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ANALYSIS: What does Austria's far-right win in the EU elections mean for foreigners?

Amanda Previdelli
Amanda Previdelli - [email protected]
ANALYSIS: What does Austria's far-right win in the EU elections mean for foreigners?
Chairman of the right-wing Freedom Party Austria (FPOe), Herbert Kickl (R), and top candidate for the European election Harald Vilimsky react as they arrive to an election party in Vienna, Austria on June 9, 2024. (Photo by Alex HALADA / AFP)

Austria's far-right party FPÖ came out victorious in this weekend's European elections, but what are the domestic implications after their historic success, particularly for foreigners in the country?


One popular saying in Austria, Nach dem Spiel ist vor dem Spiel (after the game is before the game, meaning preparation and training never stops), has been repeated over and over since the EU election results. But with a twist: Austrians now write that Nach der Wahl ist vor der Wahl, or after the election is before the election.

The wordplay is based on the fact that the most significant impact the EU election results will have on Austrian domestic politics is to be seen in the upcoming national elections. The EU vote has made it clear who is in a strong position ahead of the autumn vote and who needs to fight to win over voters.

Namely: the far-right FPÖ will ride on the wave of its victory after it secured a "blue miracle" in the EU elections.

The FPÖ, otherwise known as the Freedom Party, had never won a European or National Council election. Even if it's unlikely to get a full majority next autumn, its position has undoubtedly been strengthened.

READ ALSO: What we learned from the European elections across Europe

FPÖ as a major player

The far-right party was already a major player before: it had seats in the National Council, it won several local and regional elections in Austria, and it has been the (junior) partner in a federal coalition before. However, its extreme positions still made it somewhat of a pariah on a national level. All the other major parties had said that they would not form a coalition with the FPÖ if the far-right led by Herbert Kickl won the next elections.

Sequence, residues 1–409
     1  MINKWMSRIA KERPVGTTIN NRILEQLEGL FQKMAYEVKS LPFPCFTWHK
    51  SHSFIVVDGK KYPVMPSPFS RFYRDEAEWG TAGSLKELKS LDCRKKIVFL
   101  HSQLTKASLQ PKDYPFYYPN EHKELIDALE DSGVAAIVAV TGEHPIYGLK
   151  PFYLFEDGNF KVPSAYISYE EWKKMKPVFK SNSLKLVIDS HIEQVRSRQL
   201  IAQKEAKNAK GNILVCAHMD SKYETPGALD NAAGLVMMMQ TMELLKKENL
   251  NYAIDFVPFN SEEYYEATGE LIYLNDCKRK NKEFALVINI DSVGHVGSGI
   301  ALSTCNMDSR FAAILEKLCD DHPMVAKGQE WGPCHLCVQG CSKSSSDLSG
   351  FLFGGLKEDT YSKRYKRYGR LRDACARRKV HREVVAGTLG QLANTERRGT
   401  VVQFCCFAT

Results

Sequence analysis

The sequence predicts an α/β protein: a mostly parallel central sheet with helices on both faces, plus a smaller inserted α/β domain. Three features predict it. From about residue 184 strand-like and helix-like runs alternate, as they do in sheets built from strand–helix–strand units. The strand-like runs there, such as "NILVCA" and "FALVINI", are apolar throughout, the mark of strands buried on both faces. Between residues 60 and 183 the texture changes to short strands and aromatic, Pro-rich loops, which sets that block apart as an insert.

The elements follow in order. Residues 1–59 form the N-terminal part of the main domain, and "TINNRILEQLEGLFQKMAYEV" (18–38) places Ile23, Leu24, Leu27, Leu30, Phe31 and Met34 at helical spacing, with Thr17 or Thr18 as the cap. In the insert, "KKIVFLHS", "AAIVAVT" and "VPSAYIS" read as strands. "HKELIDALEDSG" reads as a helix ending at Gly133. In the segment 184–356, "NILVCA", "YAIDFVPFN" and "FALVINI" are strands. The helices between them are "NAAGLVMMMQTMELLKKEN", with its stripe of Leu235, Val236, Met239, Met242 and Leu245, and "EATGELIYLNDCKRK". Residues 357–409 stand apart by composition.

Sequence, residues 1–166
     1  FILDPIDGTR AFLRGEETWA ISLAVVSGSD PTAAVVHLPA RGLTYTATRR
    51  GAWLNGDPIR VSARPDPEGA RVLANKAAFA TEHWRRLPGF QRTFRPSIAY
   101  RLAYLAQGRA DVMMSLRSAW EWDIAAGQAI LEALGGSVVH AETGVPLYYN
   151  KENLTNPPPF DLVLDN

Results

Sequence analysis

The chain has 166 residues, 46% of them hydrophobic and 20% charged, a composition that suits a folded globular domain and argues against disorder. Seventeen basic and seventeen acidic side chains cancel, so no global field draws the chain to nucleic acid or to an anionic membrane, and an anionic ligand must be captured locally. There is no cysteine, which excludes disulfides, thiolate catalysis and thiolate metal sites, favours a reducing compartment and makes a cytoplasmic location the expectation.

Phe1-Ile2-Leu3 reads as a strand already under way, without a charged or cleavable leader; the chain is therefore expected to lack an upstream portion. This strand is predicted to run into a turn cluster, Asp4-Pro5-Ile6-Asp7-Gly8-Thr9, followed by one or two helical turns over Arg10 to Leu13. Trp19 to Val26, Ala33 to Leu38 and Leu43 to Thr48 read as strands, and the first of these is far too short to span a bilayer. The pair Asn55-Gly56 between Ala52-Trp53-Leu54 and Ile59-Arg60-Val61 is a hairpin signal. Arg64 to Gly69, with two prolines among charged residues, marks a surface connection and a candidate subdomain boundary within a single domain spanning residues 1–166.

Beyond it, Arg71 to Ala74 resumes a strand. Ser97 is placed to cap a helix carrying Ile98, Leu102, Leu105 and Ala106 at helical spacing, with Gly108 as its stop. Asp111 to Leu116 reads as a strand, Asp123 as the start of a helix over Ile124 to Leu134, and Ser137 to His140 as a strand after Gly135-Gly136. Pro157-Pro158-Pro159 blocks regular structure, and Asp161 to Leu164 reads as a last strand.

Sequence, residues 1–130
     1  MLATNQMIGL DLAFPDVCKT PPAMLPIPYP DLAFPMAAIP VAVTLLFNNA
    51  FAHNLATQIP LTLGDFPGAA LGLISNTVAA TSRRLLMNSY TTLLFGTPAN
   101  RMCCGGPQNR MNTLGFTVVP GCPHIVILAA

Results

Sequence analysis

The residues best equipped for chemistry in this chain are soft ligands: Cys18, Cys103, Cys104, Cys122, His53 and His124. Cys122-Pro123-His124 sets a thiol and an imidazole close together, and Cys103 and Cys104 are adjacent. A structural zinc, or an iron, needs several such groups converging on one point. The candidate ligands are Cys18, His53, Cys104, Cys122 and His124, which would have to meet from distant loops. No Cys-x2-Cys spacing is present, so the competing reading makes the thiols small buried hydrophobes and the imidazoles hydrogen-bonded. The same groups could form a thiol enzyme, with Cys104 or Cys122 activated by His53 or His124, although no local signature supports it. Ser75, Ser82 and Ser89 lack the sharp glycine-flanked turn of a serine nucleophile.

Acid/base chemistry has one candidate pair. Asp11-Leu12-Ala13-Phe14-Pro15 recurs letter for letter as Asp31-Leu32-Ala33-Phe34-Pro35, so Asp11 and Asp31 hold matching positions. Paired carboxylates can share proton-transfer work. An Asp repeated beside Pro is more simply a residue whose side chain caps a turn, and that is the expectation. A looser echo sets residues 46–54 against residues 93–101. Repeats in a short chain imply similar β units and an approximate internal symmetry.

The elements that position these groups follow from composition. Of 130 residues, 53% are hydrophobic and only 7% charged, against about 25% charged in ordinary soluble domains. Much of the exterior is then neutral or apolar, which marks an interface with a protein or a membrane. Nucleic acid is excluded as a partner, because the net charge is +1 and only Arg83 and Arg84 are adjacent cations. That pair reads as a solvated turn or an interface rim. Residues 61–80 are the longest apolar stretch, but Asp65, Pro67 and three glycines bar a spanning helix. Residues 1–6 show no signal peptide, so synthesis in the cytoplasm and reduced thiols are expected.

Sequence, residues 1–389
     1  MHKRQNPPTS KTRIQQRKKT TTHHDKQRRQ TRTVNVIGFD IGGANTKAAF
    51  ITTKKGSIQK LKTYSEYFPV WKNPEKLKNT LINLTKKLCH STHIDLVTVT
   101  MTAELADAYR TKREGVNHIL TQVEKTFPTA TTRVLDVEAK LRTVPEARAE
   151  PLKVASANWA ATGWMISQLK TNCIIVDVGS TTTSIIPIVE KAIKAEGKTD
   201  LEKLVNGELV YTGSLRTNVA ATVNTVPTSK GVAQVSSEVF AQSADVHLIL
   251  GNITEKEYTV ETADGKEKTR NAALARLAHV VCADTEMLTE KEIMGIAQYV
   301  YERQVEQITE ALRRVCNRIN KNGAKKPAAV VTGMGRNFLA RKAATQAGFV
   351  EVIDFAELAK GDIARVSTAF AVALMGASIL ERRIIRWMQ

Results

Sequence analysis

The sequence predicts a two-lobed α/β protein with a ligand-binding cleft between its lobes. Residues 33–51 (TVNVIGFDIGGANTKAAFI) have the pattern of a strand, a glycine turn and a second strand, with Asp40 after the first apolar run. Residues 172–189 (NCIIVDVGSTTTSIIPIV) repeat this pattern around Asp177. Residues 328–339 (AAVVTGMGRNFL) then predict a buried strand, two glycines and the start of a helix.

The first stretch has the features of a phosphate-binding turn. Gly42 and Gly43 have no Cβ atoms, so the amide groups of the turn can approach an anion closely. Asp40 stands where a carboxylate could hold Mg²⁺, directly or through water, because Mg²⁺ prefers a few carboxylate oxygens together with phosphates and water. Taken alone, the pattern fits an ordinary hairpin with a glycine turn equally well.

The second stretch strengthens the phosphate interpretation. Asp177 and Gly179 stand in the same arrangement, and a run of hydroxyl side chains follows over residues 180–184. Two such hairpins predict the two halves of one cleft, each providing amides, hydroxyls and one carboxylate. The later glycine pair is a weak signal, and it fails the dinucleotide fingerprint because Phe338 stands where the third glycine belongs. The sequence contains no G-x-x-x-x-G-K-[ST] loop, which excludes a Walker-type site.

Even Austria's president Alexander Van der Bellen did not rule out the possibility that he would use his largely ceremonial role to block someone like Kickl from forming a government coalition.

Even without the EU elections result blocking or refusing to hold coalition talks with the FPÖ would already have been difficult, given the party is riding high in voting intentions (surveys for months have consistently put them in around 30 percent of the votes).

But now, as the Freedom Party not only becomes a more prominent voice in the EU but joins a euro-wide movement of countries (Italy, France, and Germany have all strongly backed their far-right candidates) leaning right, ignoring them becomes that much harder.

READ ALSO: Öxit: What would it cost Austria if it left the EU?

The bottom line is the chances of an FPÖ-led coalition ruling Austria after the 2024 federal elections have increased drastically.

If that happens it could significantly impact the lives of foreigners living in the country. The FPÖ has not been shy to advocate for stronger borders and a stop to the asylum policy in the country. More importantly perhaps the party has also campaigned for certain benefits and rights to be reserved for Austrain's only, such as several government assistance programs and employment benefits.


EU laws would make it impossible for the party to remove rights from European Union citizens in the country but would not block from creating policies targeted at other nationalities.

The FPÖ has also a strong conservative stance, consistently going against LGBTQ+ rights and abortion rights and advocating for "traditional Austrian values". Muslims are often targeted in their speech. An FPÖ-led coalition could approve laws from banning gendered language to making it harder for foreigners to get Austrian citizenship, for example. 

READ ALSO: When can Austrian citizenship be revoked?

What about at the EU level?

Europe’s far-right parties were winners in many places, coming out on top in France, Italy and Austria. At the same time, Germany’s AfD came second — but still ahead of Chancellor Olaf Scholz’s SPD party — and the hard-right also did well in the Netherlands.

But experts warned against reading too much into their success. Some mention that those were "second-order elections" that did not mean a "significant push". But also, there were many questions on whether or not the different far-right groups could unite and push their agenda together.


Most importantly, the number of members of the European Parliament (MEPs) from far-right groups is not enough to form a blocking minority, so they are expected to have only a limited impact on the bloc, at least as it stands.



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